• Tapping Into The Supply Chain


    Interesting conversation with a government agency last week. The key problem for SME’s (small and medium size enterprises) is how to tap into the supply chain of an overseas company. The supply chain, in case you are not familiar with the term, is the process by which a product or service makes its way from supplier to client. At home, it’s a difficult enough process but how do you do it at an international level? Here are a few pointers.

    1 Target. What are you tapping into?

    It sounds silly but many companies offer services and expect the prospective client to find a use for it. Do your research. Identify which part of which company or industry your product and service fits and what point in the supply chain you want to target. Even if you are wrong, your interlocutor is in a better position to refer you to someone who might need you.

    2 Some countries discourage personal contact.

    In Northern European countries, Switzerland is one, a letter detailing your services and what you can offer with as many details as possible is the right first approach. A follow-up phone call to check receipt may be acceptable but the initial response can be quite distant. Some countries like Germany may give you an initial contract that seems hardly worth your while. Don’t turn it down. This is a test. Do the small contract well and the big one will follow. Do it badly or turn it down and you will lock yourself out of the supply chain.

    2 In most countries you need a positive referral.

    Getting a personal reference, being represented at a trade show or participating in a government sponsored trade mission are all accepted ways of building contacts and generating leads. If you are in the UK, think about the UKTI (United Kingdom Trade and Industry) sponsored OMIS service, which, for a fee, generates leads for the countries you specify and can arrange local appointments as part of trade missions. Go here for information.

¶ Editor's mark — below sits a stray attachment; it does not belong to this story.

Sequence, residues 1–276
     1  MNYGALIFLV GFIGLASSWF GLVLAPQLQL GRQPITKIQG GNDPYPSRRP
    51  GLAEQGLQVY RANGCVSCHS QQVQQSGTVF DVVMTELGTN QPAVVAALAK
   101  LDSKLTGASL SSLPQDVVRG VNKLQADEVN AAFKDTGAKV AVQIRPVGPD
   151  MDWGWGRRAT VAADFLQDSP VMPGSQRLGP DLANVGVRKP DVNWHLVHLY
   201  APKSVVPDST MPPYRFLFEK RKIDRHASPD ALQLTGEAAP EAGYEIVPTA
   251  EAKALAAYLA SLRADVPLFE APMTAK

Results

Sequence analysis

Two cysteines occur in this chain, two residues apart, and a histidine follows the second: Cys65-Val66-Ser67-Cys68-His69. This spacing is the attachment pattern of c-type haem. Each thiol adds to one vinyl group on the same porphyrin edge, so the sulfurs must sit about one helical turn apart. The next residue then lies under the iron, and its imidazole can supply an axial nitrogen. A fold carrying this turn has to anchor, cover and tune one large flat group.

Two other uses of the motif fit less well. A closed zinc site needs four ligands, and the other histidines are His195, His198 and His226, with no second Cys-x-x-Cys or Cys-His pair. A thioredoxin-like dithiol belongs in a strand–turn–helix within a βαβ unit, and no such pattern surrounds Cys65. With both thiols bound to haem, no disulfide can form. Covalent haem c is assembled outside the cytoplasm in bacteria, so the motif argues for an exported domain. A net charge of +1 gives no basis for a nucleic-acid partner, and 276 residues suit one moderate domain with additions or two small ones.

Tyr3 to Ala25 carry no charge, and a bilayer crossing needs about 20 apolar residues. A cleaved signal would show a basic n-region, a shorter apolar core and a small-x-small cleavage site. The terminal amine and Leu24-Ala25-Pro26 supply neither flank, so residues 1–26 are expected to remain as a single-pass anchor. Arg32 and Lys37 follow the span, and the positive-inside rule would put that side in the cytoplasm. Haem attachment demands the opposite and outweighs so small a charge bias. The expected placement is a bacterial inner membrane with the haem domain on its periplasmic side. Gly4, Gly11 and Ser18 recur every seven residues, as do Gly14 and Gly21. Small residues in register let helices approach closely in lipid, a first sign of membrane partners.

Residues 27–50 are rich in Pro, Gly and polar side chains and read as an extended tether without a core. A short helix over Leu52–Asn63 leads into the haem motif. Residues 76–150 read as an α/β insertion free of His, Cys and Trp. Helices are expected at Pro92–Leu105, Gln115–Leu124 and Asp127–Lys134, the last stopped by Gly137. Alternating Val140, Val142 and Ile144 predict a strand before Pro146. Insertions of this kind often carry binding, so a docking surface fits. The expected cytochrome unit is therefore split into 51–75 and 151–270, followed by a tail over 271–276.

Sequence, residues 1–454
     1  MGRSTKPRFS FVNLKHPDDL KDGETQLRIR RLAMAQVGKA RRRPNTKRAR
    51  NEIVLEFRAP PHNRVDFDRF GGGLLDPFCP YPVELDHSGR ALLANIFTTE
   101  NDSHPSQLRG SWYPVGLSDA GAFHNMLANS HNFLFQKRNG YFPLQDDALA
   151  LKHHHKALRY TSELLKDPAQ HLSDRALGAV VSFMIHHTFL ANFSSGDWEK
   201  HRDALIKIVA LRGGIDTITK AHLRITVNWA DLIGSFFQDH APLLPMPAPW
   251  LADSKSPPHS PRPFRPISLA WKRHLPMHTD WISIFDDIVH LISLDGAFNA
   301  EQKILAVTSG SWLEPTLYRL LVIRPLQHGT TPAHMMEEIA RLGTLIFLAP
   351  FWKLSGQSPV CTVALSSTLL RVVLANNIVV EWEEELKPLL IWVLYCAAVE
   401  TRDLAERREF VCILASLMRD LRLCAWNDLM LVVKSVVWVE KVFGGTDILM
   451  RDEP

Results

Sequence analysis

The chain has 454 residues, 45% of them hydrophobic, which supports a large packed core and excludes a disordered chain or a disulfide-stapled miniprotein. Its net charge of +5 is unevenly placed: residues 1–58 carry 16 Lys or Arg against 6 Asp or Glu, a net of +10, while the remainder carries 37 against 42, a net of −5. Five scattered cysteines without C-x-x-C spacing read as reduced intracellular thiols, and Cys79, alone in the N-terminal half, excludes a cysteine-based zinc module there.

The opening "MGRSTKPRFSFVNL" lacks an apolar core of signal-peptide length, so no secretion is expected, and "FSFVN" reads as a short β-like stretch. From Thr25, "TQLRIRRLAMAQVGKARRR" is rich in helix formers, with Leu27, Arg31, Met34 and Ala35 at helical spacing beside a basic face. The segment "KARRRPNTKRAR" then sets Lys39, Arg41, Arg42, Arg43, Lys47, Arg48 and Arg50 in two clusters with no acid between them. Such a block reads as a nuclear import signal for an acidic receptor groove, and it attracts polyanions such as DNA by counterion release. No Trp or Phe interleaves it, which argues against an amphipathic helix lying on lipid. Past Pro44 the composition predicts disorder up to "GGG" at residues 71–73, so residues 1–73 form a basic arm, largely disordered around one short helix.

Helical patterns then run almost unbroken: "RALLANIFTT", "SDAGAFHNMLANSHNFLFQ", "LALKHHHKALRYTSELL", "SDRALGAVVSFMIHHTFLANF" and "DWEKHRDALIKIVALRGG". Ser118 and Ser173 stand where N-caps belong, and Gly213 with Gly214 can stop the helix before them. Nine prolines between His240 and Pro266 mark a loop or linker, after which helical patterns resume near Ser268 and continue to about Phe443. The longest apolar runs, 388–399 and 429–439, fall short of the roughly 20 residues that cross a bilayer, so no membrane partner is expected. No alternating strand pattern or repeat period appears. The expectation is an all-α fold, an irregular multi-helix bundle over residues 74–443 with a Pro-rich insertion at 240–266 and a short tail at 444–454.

OMIS - Overseas Market Introduction Service UK Trade & Investment

    www.ukti.gov.uk › Export

    3 Get an agent.

    In many countries, especially the Middle East and China, you may wish to generate business through an agent. He or she can generate leads, make appointments and sort out all kinds of legal and other problems for you in your market. The problem is how do you know if they are any good? You need to research their contacts and their reputation. Your embassy commercial section may be able to advise.

    4 Get on a plane.

    ‘Eleven companies replied to my tender offer.’ cried a French manager. ‘You are the only one who came to see me.’ And as a result, my firm got the job. If you want to make an impression, especially in Latin countries, personal contact is vital.

    5 Be prepared for the long haul.

    Patience is essential to penetrate business in the Far East. You need time to build confidence and trust and to establish a good relationship. This means frequent contact, regular visits for months, even years before business is firmly established. However, once established, it’s there forever, as long as you don’t mess it up.

    For support and more detailed advice on how to manage your international supply chain and make contacts in your key markets, contact us for details of our MANAGING THE INTERNATIONAL SUPPLY CHAIN programme.


Web feed

Culture Blog

You are viewing the text version of this site.

To view the full version please install the Adobe Flash Player and ensure your web browser has JavaScript enabled.

Need help? check the requirements page.

Get Flash Player